With its grand debut just two short(ish) years away, we’re starting to get more and more information about Disney’s Star Wars Land, which is due to arrive simultaneously at both Walt Disney World and Disneyland Resorts. Even with this steady trickle of confirmations, however – and even with the occasional sneak peek at the ongoing construction – there is still much that has yet to be established.
Fortunately for us, we still have the rumor mill to go off of. The whispers here have been particularly juicy over the past few years, including the morsels that guests may switch out their vehicles mid-ride on the First Order attraction and that there just might be a smattering of interactive Force experiences located throughout the area, much like in both The Wizarding World of Harry Potter and, supposedly, the upcoming Pandora: The World of Avatar. But these pale in comparison to another, bigger one – one that Disney just may have just inadvertently confirmed.
The BBC was at a panel the company threw at the South by Southwest Conference this past weekend. (SXSW, for all those who don’t know, is an expo that “celebrate[s] the convergence of the interactive, film, and music industries,” according to its site.) There, Disney demonstrated the next generation of its audio-animatronic figures that will eventually be rolled out at all of its theme parks around the world, explaining that the heart of them will be artificial intelligence and machine learning – two bases that will allow them to move around the parks, interact with guests, and even have behavioral goals that will comprise the foundation of their personalities. “All these emerging technologies are going to be key to the next generation of entertainment,” Senior Vice President for Research and Development Jon Snoddy told the audience.
While no specifics were mentioned for future applications – nor was any footage allowed to come out of the panel – this lines up perfectly with the long-lived rumor that the upcoming Star Wars expansion will be home to autonomous droids that will move freely throughout the area and be able to interact with intergalactic visitors on their own (think R2-D2 here, rolling merrily about in front of the Mos Eisley-esque cantina). If true, this would provide for a whole extra level of engagement and immersion for guests – and potentially allow Disney to work around the bottlenecks that character meet-‘n-greets oftentimes create, given that only so many actors can be deployed to represent one character at any given time. Should that Chewbacca encounter start to draw a line upwards of an hour, a whole fleet of droids, comprising everything from the ‘70s gonks to the state-of-the-art astromechs (such as BB-8), could be deployed, inundating the land for a short time to help disperse crowds.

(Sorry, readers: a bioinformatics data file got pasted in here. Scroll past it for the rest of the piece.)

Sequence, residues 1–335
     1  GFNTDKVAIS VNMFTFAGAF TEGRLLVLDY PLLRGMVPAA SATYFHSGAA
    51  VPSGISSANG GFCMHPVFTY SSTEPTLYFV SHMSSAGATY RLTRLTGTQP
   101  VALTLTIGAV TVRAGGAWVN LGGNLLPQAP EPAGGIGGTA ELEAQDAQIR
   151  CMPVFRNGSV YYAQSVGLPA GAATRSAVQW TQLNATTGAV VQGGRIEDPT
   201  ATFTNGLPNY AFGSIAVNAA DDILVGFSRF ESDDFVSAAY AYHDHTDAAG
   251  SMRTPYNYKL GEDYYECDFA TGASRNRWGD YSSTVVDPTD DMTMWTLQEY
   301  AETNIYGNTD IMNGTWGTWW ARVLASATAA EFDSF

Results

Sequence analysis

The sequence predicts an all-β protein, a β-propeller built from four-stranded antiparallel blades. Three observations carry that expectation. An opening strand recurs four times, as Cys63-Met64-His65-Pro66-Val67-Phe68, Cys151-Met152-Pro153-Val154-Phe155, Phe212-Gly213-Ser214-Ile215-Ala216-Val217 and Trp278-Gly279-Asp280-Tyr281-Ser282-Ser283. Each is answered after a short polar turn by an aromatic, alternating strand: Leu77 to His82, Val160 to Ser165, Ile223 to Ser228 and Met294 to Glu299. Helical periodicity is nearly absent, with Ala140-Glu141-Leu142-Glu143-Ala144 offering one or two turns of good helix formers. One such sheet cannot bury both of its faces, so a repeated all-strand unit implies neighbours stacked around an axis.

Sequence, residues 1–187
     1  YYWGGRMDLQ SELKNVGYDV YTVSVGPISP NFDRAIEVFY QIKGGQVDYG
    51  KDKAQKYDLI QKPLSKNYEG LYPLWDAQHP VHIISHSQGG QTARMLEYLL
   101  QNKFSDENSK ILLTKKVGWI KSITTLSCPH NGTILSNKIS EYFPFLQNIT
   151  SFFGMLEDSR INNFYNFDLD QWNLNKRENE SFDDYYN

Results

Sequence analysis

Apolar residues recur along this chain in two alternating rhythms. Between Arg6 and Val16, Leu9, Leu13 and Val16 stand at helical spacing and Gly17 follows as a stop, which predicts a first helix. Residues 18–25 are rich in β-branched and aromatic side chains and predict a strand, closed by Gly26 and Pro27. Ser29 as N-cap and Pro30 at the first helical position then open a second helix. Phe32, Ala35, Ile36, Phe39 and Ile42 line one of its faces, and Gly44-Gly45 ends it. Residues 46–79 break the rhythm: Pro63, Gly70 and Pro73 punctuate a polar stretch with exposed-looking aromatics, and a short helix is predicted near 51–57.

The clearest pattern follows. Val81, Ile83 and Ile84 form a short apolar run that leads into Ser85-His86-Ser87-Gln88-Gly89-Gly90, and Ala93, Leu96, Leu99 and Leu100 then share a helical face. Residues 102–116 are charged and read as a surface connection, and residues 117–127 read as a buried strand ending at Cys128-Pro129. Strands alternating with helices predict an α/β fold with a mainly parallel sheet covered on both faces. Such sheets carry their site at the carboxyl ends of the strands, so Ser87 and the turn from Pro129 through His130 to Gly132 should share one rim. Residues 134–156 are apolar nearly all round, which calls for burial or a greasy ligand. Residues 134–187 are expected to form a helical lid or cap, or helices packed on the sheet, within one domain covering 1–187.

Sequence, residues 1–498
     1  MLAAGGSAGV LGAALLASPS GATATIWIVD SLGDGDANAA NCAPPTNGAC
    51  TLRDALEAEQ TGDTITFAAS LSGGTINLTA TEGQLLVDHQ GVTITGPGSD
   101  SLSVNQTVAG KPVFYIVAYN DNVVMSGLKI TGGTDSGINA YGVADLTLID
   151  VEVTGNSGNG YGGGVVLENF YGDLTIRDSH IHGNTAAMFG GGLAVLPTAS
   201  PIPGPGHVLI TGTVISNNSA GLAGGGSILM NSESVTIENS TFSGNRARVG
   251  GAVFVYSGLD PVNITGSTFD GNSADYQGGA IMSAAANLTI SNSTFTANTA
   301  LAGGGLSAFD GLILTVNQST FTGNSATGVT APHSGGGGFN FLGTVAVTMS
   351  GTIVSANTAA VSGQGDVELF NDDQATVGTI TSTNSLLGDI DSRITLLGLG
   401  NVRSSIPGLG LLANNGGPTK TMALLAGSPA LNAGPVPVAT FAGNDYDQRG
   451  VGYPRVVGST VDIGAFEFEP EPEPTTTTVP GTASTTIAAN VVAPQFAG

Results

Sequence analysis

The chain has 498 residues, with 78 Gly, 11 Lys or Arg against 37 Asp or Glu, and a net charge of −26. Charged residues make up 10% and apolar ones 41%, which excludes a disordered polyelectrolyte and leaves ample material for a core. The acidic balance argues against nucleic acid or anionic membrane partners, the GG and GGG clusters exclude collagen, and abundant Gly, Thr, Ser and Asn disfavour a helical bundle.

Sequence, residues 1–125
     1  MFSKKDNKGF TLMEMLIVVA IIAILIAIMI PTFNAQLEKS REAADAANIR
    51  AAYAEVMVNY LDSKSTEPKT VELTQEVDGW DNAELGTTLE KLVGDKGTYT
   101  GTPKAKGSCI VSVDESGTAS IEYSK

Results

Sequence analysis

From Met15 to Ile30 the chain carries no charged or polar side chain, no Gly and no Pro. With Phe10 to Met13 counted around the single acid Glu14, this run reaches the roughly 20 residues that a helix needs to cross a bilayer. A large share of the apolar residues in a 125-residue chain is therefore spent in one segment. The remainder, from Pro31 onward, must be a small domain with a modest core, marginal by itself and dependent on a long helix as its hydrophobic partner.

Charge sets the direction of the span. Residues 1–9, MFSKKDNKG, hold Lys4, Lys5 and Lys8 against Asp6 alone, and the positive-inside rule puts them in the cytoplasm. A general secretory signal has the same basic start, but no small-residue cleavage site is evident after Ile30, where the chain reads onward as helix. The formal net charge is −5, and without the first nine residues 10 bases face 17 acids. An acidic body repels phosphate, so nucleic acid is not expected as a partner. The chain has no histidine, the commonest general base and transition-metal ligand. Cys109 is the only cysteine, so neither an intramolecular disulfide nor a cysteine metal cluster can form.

And this is just the tip of the iceberg. These semi-autonomous robots could be programmed to engage in choreographed group behaviors, should guests not be swarming them for selfies or “autographs,” allowing for a dynamic level of attraction that is totally absent from theme parks today. And this, in turn, could almost completely change our understanding of touring plans, making a static experience into a thoroughly fluid one.
Should Disney really be on the cutting edge of this field, as it claims, then themed entertainment as we know it today could be totally redrawn by the end of the next decade.